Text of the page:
Sustainable environmental management requires a decision support approach that accounts for dynamic connections between social and ecological systems, integrates stakeholder deliberation with scientific analysis, incorporates diverse stakeholder knowledge, and fosters relationships among stakeholders that can accommodate changing information and changing social and environmental conditions. Participatory system dynamics modeling provides such a framework. It supports stakeholder learning about the system and the perspectives of other stakeholders, and can help build social capital among stakeholders. Four cases of participatory system dynamics modeling, which range from no to full participant involvement in model development, support the idea that greater social capital development results from greater participation in model development, but also suggest that even the simplest use of simulation models in a group fosters stakeholder learning about the system through surprise and discovery. To maximize the learning value of simulation models, it is important to allow enough time for debriefing the ―aha!‖ moments that lead to curiosity about system behavior. To maximize social capital development, it is important to build enough time into the problem structuring and model conceptualization phases for stakeholders to articulate their mental models and examine those of other participants.
Relevance for Complex Systems Knowledge
The main conclusion of this paper is that greater social capital development results from greater participation in model development, but also suggest that even the simplest use of simulation models in a group fosters stakeholder learning about the system through surprise and discovery. Participatory system dynamics modeling offers a strong framework for analytic-deliberation in sustainable environmental management. It is particularly useful for facilitating participant learning about the system, promoting social learning among participants and building social capital.
Engaging stakeholders in problem analysis using system dynamics methods, including approaches such as
group model building - whether it is a conceptual or fully operational model, and whether or not the model users are involved in model development.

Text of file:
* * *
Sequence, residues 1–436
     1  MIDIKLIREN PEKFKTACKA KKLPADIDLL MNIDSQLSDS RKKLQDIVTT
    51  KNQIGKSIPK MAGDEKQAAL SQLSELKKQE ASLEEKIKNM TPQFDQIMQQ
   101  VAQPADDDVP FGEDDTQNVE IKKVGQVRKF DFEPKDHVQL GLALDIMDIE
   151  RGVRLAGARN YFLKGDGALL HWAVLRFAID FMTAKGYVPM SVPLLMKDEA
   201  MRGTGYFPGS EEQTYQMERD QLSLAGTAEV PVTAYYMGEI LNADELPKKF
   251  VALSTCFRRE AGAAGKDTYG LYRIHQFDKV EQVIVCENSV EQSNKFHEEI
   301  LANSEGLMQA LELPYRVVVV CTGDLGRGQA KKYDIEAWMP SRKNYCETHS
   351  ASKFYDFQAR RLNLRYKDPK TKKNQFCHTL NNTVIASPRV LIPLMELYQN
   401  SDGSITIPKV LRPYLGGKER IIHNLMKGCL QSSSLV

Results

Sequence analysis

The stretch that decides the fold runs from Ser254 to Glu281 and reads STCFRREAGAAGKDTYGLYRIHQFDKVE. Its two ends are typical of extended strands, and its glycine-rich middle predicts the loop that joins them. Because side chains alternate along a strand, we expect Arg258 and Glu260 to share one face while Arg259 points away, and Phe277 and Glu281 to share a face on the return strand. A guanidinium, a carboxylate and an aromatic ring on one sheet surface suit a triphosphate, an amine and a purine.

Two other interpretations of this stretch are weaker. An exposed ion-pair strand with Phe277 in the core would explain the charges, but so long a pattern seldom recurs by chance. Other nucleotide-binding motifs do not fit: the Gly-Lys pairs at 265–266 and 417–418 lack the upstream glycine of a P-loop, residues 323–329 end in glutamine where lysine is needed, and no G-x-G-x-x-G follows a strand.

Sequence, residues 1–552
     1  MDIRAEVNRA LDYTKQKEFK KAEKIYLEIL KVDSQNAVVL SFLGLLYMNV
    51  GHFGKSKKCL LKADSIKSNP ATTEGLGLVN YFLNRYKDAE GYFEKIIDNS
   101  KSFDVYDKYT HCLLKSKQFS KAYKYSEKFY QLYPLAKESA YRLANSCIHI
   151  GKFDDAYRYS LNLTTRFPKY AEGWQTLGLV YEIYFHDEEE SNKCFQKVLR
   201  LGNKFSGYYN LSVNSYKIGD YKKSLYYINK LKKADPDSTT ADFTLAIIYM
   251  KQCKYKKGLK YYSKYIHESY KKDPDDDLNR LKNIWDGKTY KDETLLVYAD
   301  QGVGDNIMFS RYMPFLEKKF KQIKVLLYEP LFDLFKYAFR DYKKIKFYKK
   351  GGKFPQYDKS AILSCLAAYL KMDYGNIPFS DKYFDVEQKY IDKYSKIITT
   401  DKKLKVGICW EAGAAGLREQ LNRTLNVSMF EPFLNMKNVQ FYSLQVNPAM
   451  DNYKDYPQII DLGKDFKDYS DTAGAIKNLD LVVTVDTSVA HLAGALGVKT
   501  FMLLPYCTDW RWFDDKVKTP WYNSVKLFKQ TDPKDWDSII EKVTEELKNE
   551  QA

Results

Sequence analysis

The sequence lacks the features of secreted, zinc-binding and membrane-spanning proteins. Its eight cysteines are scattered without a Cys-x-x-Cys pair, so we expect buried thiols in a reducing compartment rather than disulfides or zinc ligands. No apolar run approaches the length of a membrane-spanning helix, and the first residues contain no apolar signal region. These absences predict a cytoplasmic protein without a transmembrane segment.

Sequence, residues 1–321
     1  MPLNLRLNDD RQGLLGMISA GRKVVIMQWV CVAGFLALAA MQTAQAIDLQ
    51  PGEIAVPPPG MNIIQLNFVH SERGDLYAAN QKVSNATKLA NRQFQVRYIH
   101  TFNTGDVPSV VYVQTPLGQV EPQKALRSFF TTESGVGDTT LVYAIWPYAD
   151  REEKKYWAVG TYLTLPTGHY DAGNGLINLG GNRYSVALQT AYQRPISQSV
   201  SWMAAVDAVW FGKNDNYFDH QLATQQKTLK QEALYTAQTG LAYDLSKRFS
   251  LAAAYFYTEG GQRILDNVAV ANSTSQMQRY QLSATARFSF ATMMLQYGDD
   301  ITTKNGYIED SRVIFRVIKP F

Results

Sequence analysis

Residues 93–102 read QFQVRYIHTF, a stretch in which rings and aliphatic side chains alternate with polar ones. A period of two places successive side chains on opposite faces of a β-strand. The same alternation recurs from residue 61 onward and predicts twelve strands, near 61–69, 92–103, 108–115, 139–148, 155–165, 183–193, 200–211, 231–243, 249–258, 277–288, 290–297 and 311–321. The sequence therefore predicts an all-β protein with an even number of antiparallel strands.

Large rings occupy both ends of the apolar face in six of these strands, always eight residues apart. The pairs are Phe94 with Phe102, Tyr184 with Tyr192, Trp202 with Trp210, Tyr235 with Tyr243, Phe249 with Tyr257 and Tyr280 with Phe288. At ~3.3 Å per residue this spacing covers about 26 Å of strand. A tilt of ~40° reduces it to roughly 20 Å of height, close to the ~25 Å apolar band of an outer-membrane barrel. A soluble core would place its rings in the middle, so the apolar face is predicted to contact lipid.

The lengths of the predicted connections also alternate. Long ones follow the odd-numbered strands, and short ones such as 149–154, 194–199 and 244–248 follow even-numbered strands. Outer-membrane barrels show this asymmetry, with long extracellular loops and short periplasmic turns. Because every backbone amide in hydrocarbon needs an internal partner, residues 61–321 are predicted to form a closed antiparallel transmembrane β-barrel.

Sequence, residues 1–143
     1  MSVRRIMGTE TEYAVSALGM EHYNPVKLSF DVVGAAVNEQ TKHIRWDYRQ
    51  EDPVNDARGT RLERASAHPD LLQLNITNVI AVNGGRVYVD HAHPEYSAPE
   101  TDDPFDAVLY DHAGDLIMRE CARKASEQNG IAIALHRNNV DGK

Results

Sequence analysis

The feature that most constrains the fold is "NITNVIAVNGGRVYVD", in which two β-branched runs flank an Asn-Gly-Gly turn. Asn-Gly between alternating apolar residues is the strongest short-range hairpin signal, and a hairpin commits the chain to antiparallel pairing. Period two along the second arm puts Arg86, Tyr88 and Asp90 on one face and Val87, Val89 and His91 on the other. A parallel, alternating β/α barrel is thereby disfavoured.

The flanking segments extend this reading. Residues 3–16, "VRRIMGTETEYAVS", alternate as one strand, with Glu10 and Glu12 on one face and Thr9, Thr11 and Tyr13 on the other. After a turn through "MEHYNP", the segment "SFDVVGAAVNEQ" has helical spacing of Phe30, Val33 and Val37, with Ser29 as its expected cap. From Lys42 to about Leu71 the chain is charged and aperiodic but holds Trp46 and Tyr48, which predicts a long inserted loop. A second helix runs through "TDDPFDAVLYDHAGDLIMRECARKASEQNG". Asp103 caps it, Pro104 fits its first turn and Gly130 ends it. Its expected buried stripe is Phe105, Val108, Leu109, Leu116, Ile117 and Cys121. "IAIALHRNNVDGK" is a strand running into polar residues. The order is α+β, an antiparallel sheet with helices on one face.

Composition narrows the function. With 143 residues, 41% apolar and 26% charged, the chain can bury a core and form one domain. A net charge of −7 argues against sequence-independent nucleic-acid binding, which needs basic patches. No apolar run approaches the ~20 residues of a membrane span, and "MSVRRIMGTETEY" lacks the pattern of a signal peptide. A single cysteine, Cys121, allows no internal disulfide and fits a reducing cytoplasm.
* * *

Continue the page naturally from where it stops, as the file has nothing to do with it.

A fully participatory process would be one in which participants help structure the problem, describe the system, create an operational computer model of the system, use the model to identify and test policy interventions, and choose one or more solutions based on the model analysis. A minimally participatory modeling process might be one in which a model is used to help stakeholders understand the basis for an already selected decision.
Complex feedback relationships between human activity and environmental systems make it difficult to understand the potential consequences of decisions. Conflicts among stakeholders may obstruct implementation. Solving environmental problems can be as much about defining the problems to be solved as finding technical solutions, or negotiating between acceptable rather than optimal strategies. There is rarely an optimal solution when people assign different weight to different goals.
Participation should be central to decision-making: "Rather than seeing policy decisions as fundamentally technical with some need for public input, we should see many more decisions as fundamentally public with the need for some technical input." When participation is integrated well with technical information, education, and analysis, deliberation and technical analysis can reinforce each other. Normative arguments promote participation as a democratic right, substantive rationales say that public participation improves the quality of decisions, and instrumental or pragmatic justifications argue that participation increases the likelihood that decisions can be implemented.Requires that decisionmakers clarify what they want to sustain and for how long. These are questions of value and have to be answered by stakeholders.
Sustainable management requires adaptive governance, in which management rules evolve as our understanding changes and biophysical and social systems themselves change. Some argue that resource management depends as much on social capital—bonds of trust, reciprocity, and social connections and social learning among stakeholders—as scientific knowledge
The key steps in a system dynamics approach are identifying one or more trends that characterize the problem, describing the structure of the system generating the behavior, and finding and testing leverage points in the system to change the problematic behavior. System dynamics is an appropriate modeling approach for sustainability questions because of the long-term perspective and feedback dynamics inherent in such questions. Four cases:
In the first two cases, participants were not at all involved in model development. They used the simulation model to learn about the system and to experiment with the effects of different policy decisions on the problem variables.
Participants in the third and fourth cases were significantly involved in model development, model analysis, and developing policy recommendations.
In all cases, the model user interface was limited to one screen, and participants tested ideas on the user interface.
The time frame for a fully participatory modelling is rather long, many hours go into defining the model attributes, then the actual modelling takes months.